Start by pressing the Browse button in Train tab. Select the folder you have created for the classifier.
Common, Cascade and Boost tabs can be used for setting numerous parameters for customizing the classifier training. Cascade Trainer GUI sets the most optimized and recommended settings for these parameters by default, still some parameters need to be modified for each training. Note that detailed description of all these parameters are beyond the scope of this help page and require deep knowledge about cascade classification techniques.
You can set pre-calculation buffer size to help with the speed of training process. You can assign as much memory as you can for these but be careful to not assign too much or too low. For example if you have 8 GB of RAM on your computer then you can safely set both of the buffer sizes below to 2048.
Next you need to set the sample width and height. Make sure not to set it to a very big size because it will make your detection very slow. Actually it is quite safe to always set a small value for this. Recommended settings for sample width and height is that you keep one aspect on 24 and set the other accordingly. For example, if you have sample images that are 320×240 then first calculate the aspect ratio which in this case is 1.33:1 then multiply the bigger number with 24. You’d get 32×24 for sample width and height.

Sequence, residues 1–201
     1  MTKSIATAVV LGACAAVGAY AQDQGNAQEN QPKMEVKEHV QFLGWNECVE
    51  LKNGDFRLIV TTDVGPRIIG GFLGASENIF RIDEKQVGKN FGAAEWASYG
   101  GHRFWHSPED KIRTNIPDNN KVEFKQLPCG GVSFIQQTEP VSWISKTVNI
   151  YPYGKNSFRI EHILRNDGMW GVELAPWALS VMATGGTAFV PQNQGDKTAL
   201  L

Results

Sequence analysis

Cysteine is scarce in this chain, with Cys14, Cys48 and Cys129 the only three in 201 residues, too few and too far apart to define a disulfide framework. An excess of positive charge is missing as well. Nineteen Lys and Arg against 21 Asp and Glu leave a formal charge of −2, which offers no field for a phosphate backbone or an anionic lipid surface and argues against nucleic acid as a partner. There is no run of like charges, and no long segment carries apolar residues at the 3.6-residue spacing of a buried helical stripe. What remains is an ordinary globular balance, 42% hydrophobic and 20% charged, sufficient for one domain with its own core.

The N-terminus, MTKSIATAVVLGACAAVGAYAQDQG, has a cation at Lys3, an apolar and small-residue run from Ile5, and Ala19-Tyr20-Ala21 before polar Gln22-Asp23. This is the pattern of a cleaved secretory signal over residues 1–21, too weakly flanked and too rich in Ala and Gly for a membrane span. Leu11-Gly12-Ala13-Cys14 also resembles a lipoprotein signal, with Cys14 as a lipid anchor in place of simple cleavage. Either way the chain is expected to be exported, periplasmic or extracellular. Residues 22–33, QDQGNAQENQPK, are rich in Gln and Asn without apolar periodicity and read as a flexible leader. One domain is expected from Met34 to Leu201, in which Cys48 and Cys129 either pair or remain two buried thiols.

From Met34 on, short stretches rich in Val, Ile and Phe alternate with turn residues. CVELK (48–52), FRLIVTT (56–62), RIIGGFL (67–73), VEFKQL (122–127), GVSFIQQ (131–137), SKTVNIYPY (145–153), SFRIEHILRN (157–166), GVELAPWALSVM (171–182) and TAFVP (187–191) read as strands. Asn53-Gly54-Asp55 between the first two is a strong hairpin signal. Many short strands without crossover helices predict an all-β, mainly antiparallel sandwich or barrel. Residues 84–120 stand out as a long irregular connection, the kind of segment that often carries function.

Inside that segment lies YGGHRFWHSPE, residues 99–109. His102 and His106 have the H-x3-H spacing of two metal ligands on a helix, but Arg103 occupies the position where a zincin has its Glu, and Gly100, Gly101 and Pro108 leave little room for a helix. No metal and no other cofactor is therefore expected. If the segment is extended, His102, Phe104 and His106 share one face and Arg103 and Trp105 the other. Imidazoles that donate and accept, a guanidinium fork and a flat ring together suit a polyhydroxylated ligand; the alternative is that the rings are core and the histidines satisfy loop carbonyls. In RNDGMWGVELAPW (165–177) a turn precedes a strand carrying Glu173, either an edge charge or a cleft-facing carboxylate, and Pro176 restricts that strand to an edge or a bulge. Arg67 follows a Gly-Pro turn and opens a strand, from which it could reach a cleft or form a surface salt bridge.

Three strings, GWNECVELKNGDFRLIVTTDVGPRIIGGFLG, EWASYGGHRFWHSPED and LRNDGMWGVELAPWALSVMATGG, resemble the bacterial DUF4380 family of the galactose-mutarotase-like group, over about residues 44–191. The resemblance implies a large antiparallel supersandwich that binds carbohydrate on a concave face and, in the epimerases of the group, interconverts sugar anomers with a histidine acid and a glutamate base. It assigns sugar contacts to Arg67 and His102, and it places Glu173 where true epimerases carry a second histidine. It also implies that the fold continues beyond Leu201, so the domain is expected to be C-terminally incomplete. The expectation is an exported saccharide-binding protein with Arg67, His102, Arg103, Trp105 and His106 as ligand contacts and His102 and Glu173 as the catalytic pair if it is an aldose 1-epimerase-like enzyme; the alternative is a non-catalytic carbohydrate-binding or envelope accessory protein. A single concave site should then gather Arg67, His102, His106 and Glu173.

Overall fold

You can also set the feature type to HAAR or LBP. Make sure to use HOG only if you have OpenCV 3.1 or later. HAAR classifiers are very accurate but require a lot more time to train so it is much wiser to use LBP if you can provide your classifiers with many sample images. LBP classifiers on the other hand are less accurate but train much quicker and detect almost 3 times faster.
As for the parameters in the Boost tab, it is recommended to keep the default values unless you are quite sure about what you’re doing.
After all the parameters are set, press Start button at the bottom to start training your cascade classifier.
Wait for the training to complete.
Now if you exit Cascade Trainer GUI and go to the classifier folder you will notice that there are new files and folders are created in this folder.
“n” and “p” are familiar but the rest are new. “classifier” folder contains XML files that are created during different stages of training. If you check inside “classifier” folder, you’ll notice something similar to the following.
“stage#.xml” files are temporary files that won’t be needed anymore.
“params.xml” contains the parameters you have used for the training. (Just a reminder file)
“cascade.xml” is the actual cascade classifier and if the training completed successfully then you should have this file inside classifier folder.